Sexualization Not Safety: Black Girls, Trans, and Gender Nonconforming Youth's Experiences of Police Presence in Schools: Report
By Interrupting Criminzation and In Our Names Network
Schools are an often-overlooked site of police sexual violence — even though, according to recently released data from the Advancement Project and Alliance for Educational Justice, from 2011 to 2023, the third most frequent type of assault of students by police stationed in and around schools was sexual assault — representing over 13% of documented cases of police violence against students.
The sobering truth is that police do not keep Black young women, girls, and trans and gender nonconforming youth safe from any type of violence, especially sexual violence. In fact, increased police presence in schools contributes to more violence of all kinds against students, teachers, and administrators, including sexual harassment, assault, and violence. The presence of law enforcement on and around school campuses is associated with increased profiling, police violence, and criminalization of students. This is particularly true for Black girls, who make up 16% of girls in schools, yet 37% of girls arrested in school and 43% of girls referred to law enforcement. Black girls as young as five or six have been arrested for “inappropriate behavior” in the classroom.
This report shares insights from a 3-year community story-telling project engaging Black girls, trans and gender nonconforming youth in Columbia, South Carolina, New York City, and the Bay Area around their experiences of police presence in schools, including sexual harassment, assault, and violence by police stationed in and around schools.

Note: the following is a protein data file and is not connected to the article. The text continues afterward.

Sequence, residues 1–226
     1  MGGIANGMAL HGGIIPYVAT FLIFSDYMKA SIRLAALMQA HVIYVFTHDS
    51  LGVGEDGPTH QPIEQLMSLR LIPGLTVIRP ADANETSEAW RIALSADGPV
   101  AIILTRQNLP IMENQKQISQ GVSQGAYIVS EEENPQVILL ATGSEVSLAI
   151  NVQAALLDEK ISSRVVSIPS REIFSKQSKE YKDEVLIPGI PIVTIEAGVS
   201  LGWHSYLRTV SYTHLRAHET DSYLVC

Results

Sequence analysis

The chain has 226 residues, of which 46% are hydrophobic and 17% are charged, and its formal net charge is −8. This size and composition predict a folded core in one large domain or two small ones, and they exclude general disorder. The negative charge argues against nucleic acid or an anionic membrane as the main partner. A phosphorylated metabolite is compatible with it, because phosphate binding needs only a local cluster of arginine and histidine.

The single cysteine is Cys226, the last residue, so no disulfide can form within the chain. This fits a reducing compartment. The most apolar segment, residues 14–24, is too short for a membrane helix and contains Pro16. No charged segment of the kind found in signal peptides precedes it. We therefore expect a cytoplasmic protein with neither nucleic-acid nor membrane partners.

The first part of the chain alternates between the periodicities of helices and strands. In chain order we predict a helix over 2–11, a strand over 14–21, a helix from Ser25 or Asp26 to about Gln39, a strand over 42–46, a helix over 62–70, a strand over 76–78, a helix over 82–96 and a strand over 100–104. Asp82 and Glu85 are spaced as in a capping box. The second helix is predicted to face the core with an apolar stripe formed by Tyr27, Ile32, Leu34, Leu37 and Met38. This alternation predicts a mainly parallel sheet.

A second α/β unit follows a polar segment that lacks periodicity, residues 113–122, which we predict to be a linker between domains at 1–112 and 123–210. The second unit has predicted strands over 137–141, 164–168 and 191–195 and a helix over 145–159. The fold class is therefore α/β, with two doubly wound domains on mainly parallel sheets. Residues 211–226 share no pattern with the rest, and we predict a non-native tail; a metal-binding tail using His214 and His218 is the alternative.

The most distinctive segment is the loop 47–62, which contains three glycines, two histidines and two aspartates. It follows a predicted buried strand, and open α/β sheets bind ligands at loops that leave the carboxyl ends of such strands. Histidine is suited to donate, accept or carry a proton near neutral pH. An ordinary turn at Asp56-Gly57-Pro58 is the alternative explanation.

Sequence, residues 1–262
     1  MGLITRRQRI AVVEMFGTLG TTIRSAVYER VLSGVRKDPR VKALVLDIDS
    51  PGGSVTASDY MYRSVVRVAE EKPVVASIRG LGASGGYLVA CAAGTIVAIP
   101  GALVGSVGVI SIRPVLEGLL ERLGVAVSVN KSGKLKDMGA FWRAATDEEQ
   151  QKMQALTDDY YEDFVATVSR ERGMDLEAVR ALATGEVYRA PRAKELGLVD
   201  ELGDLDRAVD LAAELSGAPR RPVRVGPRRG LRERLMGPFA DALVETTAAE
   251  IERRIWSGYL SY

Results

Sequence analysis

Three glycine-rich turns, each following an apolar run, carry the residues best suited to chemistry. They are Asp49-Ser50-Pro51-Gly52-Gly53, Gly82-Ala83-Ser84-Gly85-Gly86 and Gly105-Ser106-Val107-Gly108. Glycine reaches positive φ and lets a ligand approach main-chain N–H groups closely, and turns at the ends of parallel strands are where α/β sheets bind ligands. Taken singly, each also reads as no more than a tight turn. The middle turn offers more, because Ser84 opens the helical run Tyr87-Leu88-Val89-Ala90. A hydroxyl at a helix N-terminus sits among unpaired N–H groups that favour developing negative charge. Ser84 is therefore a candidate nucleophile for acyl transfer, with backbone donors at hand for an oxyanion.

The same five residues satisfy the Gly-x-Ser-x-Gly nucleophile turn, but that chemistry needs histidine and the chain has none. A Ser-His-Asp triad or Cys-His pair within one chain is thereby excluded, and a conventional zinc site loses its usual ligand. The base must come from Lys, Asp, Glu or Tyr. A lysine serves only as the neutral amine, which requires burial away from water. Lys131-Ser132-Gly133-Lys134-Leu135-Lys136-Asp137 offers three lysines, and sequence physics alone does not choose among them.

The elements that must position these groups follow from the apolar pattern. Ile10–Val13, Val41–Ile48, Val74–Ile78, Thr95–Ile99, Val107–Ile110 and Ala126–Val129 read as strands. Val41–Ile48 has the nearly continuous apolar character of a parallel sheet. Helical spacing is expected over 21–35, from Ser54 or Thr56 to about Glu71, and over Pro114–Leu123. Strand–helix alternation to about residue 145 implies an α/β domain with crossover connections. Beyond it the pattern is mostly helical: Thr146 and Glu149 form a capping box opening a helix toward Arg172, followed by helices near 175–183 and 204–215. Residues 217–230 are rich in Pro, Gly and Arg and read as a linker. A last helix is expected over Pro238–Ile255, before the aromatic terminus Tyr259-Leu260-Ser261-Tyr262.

The experiences of the young people we spoke with in the course of our research were unfortunately consistent with statistics summarized above. Black girls and trans and gender nonconforming youth described feeling unsafe, surveilled, and sexualized in schools due to the presence of police, school resource officers (SROs), and other law enforcement agents.
Overall, our research found that:
Schools are sites of violence, sexualization, sexual harassment, and sexual assault by police and other authority figures.
Police don’t create safety for Black young women, girls, and trans and gender nonconforming youth in schools.
Survivors of police sexual violence need specific forms of support.
Based on these findings, we offer the following policy and process recommendations:
Support campaigns for #PoliceFreeSchools to increase safety for Black girls and trans and gender nonconforming students.
Ensure access to comprehensive sex education that normalizes conversations about consent and sexual violence, including sexual violence by law enforcement officers, to support prevention and create opportunities to make it easier for survivors to come forward and seek support.
Create multiple pathways for coming forward to report sexual violence by law enforcement officers to protect students from stigmatization and retaliation and to ensure their immediate safety without educational or social repercussions.
Engage youth in conversations and research on sexual violence by police stationed in and around schools, recognizing that it will require significant investments of time, resources, relationships, and healing justice support.
While the scale and scope of our research was severely limited by the ongoing COVID-19 pandemic, our hope is that the research process and tools we developed through this project will inspire and serve as a resource for others to engage in conversation and research with Black girls and trans and gender nonconforming youth on the prevalence and prevention of sexual violence by police stationed in and around schools.